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I slumped down on the floor against the kitchen cupboards.

Tears poured down my face as I let my jean legs just drape out in front of me.

I felt like such a failure.


Another hard day.


Another day of kids fighting. Again.

Of messes and noise.


Of meltdowns and what felt like time wasted. Again.


Who thought this would be a good idea?

"I'm not cut out for motherhood" I told God silently yet again.

More sighs. More tears. More prayers that ached from the deepest places within me but that I never actually gave voice to.

I went on as the tears continued flowing.

"Not only am I NOT cut out for motherhood but I am DEFINITELY NOT cut out for homeschooling!" I told God more insistently.

Again, the silent prayers went up but not out from my lips. The background chant was not of choirs of angels singing as I made my heart made known to the Creator but of kids YET AGAIN fighting over the remote in the loungeroom and who was touching the biggest cushion first.

"Seriously, I can't do this anymore!"

It was more of a silent-heart-declaration or maybe prayer of resignation than of petition or request. Nup. I just couldn't do it.

I was tired. More than tired. Bone-weary-exhausted-no-words-for-it kind of tired. I felt like I couldn't go on.

I felt done. On top of that I felt like I must be failing my kids.

Then the 'comparing' voice started. Do you know that one? It's the one that compares you to everyone else. It says things like, "Nobody else struggles like this". Or it makes me think, "Surely they'd be doing so much more if they were at school". It makes me think about all we are not doing rather than seeing what we are. It reminds me that my house looks like a bomb but tells me other people live in perfectly tidy homes. It tells me lies. It makes me feel small and inadequate. And sometimes, because I'm so tired, so worn, so weary....I let it.

Although this was a few years ago, I have become familiar with that floor on more than one occasion. I guess I just find it easier to have the little pity-party for one sliding down those cupboard doors wishing the cork tile floor might open and swollen me up whole.

Just this once.

Just for a little while.

I reason that maybe it could take me into some magical abyss and then spit me back up again later.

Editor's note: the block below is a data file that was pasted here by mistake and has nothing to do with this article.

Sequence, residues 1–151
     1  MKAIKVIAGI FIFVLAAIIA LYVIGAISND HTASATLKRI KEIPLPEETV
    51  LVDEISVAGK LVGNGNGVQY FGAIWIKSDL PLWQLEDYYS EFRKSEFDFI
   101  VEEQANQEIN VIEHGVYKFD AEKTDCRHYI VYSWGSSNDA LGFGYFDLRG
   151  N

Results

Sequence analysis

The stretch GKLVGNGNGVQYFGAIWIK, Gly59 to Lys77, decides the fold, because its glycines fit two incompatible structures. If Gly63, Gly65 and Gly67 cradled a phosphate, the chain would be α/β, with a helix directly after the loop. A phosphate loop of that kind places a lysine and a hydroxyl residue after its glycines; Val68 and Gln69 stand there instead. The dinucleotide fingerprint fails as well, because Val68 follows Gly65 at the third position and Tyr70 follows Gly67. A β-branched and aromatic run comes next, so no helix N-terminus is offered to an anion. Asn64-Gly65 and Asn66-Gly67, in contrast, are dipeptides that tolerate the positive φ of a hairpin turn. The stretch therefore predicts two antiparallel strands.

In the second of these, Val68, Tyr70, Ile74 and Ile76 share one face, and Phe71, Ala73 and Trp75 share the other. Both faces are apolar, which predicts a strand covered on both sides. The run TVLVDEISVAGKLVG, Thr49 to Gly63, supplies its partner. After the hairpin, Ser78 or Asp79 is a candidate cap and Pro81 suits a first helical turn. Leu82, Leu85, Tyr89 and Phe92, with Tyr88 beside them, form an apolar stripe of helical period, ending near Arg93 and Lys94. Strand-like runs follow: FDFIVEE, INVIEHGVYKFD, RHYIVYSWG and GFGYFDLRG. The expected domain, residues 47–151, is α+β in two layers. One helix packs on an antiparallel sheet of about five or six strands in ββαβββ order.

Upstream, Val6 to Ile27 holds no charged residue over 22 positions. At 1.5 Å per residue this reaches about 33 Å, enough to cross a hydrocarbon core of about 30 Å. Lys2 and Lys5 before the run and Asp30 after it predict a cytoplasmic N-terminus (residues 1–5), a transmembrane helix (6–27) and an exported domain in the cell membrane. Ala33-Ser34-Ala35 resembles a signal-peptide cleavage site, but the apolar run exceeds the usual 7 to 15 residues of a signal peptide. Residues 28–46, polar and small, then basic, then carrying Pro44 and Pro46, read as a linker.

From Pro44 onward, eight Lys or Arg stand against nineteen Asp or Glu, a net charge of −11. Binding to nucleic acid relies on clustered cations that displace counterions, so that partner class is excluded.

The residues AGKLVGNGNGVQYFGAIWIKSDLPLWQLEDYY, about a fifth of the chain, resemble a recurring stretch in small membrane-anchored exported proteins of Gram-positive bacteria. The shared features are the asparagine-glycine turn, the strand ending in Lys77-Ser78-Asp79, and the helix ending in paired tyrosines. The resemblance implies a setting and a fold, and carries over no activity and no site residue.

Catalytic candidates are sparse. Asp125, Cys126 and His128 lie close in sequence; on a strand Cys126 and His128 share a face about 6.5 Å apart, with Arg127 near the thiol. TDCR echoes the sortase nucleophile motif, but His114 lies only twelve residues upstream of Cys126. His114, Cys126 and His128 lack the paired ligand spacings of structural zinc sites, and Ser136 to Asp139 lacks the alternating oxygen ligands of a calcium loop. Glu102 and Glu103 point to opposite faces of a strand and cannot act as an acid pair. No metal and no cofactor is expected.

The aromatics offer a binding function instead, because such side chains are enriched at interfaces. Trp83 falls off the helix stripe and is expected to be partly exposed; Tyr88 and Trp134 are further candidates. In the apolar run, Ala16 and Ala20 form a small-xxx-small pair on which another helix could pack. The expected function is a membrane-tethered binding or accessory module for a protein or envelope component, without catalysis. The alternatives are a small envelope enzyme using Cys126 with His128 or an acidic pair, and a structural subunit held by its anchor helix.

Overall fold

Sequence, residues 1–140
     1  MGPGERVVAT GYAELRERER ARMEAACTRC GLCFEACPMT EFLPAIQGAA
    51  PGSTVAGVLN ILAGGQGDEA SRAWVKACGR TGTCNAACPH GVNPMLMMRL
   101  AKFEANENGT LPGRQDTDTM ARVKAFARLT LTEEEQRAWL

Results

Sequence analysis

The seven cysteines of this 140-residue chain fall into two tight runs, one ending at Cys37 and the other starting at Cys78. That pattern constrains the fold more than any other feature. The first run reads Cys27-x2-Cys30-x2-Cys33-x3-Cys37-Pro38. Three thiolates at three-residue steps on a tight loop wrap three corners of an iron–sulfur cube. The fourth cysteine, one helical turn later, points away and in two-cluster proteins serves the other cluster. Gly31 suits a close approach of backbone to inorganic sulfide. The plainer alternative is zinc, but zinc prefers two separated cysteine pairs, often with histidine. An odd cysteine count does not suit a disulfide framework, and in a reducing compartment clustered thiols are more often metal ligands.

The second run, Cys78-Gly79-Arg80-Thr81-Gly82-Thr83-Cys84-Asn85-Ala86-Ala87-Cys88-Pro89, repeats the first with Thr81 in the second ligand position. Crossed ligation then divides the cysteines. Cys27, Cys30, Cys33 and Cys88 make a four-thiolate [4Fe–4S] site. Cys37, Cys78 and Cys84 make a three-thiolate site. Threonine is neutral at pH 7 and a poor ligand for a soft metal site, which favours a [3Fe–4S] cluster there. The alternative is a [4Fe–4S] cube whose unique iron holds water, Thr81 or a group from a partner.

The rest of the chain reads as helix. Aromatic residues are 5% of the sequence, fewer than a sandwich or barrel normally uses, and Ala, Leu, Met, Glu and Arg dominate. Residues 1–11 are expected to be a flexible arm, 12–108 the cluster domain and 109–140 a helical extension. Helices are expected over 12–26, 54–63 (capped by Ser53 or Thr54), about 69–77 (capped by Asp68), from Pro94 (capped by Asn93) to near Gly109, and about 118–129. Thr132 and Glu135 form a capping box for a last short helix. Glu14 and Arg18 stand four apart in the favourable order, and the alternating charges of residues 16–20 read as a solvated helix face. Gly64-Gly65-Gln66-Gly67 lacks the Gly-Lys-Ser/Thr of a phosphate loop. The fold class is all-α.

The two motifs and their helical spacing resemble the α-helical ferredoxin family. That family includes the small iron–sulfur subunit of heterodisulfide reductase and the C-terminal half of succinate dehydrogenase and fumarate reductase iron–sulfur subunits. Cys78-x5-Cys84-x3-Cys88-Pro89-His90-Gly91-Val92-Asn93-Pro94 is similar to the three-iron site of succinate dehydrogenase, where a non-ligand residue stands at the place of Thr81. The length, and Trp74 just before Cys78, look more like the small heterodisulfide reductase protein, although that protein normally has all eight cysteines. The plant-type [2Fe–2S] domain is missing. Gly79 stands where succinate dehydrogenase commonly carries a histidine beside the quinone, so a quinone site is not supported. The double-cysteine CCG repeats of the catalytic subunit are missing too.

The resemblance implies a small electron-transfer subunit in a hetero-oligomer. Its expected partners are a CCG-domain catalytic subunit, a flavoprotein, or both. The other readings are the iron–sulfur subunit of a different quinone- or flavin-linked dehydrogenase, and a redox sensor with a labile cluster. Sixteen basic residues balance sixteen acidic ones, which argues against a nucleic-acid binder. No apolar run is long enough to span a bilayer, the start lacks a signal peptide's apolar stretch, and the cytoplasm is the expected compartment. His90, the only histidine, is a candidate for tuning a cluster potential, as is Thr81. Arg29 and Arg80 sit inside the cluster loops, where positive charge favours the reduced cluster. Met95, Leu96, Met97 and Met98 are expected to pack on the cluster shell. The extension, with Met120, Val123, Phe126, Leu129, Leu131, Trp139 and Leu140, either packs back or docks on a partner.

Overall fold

Sometimes, life is SO overwhelming that I know it is actually REAL and OK that I sit on that kitchen floor in tears, arms flailing, sending up silent-prayer smoke-signals to my God. I know He is big enough to handle it and yet whilst here on my own in THAT moment with the background hum of sibling fighting, I felt very alone.

Very human.

Very humbled. Nobody really prepares you for how lonely motherhood can be. You know you share this incredible bond with so many other women around the world who exist now and who have gone before you. You know that it is a privilege denied to many and it is very certainly one I am incredibly grateful for. But there is also something about motherhood that makes you feel very lonely at times. Or is it just me? I am blessed with amazing friends and family. I am married to my very best friend and now have children who I also am blessed to count as friends. I love my community and my wider network of friends but here's the the middle of the every day mundane tasks, of the getting up and reminding people of chores and responsibilities, of the driving here and there, of the disciplining and the discipling, of the cooking, cleaning, clearing, culling, the midst of it all we get worn and weary. Add homeschooling into the mix and you might feel like you don't even know who you are anymore.

If that's you, then I want to encourage you. I want to send you my love on the winds of the world wide web and say to you that you are doing a great job (even if you don't think it's true).

One of my beautiful friends gently reminds me that what God calls me to, He will help me through. I love that and really do need the reminder from time to time ;)